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Identifying gaps in screening, diagnosis and treatment of children with developmental disabilities.

About 1 in 4 Ghanaian children aged 36-59 months is estimated to have a delay in their development (cognitive, learning, socio-emotional and physical). About 16 per 1,000 children (aged 15 years or less), have significant developmental disabilities. Children with developmental delays and disabilities (such as autism, cerebral palsy, learning disabilities) are more likely to have poor health and educational outcomes if needed interventions are not provided, and the deficits may persist into adulthood. Their conditions need to be identified early and addressed with available services in order to mitigate long term impacts. These actions require childcare professionals and caregivers to have adequate knowledge of these conditions and services. In addition, it requires that the challenges these primary caregivers have in identifying, referring or managing services for such children are delineated and improved. Currently, there are limited studies in Ghana that have taken a broader look across professional cadres and developmental domains to identify knowledge gaps and systemic challenges in how children with developmental problems are identified, referred and managed.


In partnership with the Ghana Health Services, PROMISE GHANA, the main aim of this study is to identify the knowledge gaps and the problems associated with the identification, referral and provision of care in the home, school and hospital settings for children with developmental problems. We will use the information to support health workers, parents and teachers on how to support children with developmental disabilities.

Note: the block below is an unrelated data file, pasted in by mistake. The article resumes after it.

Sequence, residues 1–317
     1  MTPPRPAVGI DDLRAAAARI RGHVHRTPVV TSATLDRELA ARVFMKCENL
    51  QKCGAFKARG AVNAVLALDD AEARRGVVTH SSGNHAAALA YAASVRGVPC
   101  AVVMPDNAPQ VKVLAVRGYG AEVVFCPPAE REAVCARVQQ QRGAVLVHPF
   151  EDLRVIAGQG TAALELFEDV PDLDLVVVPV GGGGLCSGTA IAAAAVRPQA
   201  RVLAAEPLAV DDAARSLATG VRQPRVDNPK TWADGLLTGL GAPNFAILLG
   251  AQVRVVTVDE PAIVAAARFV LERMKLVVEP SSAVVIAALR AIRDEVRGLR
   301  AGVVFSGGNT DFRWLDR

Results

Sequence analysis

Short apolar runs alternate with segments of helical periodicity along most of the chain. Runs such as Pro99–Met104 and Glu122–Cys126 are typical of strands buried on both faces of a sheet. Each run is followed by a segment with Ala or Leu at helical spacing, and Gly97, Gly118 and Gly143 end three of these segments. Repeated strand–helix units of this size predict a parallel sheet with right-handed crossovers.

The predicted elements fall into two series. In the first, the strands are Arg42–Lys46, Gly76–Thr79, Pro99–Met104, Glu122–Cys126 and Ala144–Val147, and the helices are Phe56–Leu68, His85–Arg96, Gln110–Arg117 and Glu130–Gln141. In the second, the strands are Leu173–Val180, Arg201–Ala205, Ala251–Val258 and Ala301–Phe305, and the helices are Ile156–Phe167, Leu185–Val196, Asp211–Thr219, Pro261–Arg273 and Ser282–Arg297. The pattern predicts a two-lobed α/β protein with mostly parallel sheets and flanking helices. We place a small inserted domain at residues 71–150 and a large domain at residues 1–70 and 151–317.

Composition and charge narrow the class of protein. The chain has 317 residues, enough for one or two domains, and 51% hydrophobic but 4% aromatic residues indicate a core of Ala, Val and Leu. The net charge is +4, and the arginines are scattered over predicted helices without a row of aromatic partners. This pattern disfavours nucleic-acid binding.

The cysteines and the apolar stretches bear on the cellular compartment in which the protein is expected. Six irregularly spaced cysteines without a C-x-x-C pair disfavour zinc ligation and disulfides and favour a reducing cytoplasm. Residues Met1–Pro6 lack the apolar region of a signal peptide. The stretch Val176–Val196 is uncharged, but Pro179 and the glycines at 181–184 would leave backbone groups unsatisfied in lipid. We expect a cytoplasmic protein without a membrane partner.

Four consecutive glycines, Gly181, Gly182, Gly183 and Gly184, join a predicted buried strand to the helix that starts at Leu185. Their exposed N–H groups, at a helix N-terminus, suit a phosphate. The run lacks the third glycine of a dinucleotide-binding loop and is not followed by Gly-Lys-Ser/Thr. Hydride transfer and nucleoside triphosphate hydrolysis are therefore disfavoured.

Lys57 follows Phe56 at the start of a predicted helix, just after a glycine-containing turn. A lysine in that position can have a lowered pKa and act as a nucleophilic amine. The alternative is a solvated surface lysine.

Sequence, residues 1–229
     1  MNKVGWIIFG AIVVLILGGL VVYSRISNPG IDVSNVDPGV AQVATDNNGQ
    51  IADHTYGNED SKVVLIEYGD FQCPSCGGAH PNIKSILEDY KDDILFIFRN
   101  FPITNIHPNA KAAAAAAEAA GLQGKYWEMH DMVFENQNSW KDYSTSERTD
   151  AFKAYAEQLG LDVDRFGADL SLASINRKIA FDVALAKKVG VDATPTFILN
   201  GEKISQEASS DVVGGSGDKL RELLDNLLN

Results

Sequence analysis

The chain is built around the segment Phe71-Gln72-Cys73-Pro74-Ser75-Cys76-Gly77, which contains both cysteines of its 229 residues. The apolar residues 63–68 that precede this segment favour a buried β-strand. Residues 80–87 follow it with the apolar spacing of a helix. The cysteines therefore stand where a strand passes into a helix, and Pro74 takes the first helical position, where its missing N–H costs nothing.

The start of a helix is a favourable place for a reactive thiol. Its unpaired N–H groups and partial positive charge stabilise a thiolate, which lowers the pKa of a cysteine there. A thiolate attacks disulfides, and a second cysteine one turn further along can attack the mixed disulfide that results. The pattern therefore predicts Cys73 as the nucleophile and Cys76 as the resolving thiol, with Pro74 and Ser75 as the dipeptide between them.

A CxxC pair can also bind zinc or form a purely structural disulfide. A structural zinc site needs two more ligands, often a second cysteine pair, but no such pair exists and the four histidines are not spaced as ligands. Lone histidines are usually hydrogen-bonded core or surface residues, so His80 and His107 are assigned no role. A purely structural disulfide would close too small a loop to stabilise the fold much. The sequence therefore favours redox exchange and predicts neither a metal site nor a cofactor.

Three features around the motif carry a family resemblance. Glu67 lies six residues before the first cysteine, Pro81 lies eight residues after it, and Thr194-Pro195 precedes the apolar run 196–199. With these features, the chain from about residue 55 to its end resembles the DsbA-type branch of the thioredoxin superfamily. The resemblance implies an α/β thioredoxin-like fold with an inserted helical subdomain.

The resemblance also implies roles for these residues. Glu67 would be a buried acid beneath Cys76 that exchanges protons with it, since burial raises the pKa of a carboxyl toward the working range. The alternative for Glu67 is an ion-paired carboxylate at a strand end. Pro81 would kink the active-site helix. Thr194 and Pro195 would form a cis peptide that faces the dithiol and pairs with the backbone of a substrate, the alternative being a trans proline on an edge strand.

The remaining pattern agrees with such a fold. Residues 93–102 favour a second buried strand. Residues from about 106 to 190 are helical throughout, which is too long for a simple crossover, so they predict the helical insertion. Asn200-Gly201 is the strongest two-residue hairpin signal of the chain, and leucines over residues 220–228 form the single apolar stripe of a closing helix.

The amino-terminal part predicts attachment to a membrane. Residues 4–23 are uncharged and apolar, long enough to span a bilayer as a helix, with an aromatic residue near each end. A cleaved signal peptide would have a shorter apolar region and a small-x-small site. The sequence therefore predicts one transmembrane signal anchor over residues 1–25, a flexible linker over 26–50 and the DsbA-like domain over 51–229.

Study sites

This study will be conducted in the Greater Accra Region of Ghana, It includes government referral hospitals and education facilities.

Study population

Children with developmental delays are defined as children who are physically delayed, face behavioral problems (i.e. Autism, ADHD), intellectual disabilities, or specific learning difficulties.

  • Type 1: Child development care specialists: individuals who provide screening, diagnosis and treatment of children with developmental problems. This will include but not limited to: pediatricians, child psychologists, special education teachers, and neurologists.

  • Type 2: non-specialists, non-community-based health care workers: includes nurses who work in the in-patient or out-patient departments, general clinical practitioners who work directly with children and community health workers.

  • Type 3: Caregivers of children with developmental problems

  • Type 4: Public education teachers who teach children in basic school

  • Type 5: Community Health Workers.



This formative assessment draws on both quantitative and qualitative methods. Fifteen in-depth interviews will be carried out with child developmental care specialists (pediatricians, psychologists, and special education teachers). Fifteen semi-structured interviews and 100 surveys will be used to gain insight from non-specialist health workers. In total, six focus group discussions will be conducted with caregivers of children with teachers, community health workers, and caregivers of children developmental problems. Participants will be drawn from both rural and urban settings.

Expected Outcome

This study will inform potential interventions to strengthen screening, diagnosis and management of children with developmental problems

where we are.JPG

Quotes from focus group discussion with mothers with children with cerebral palsy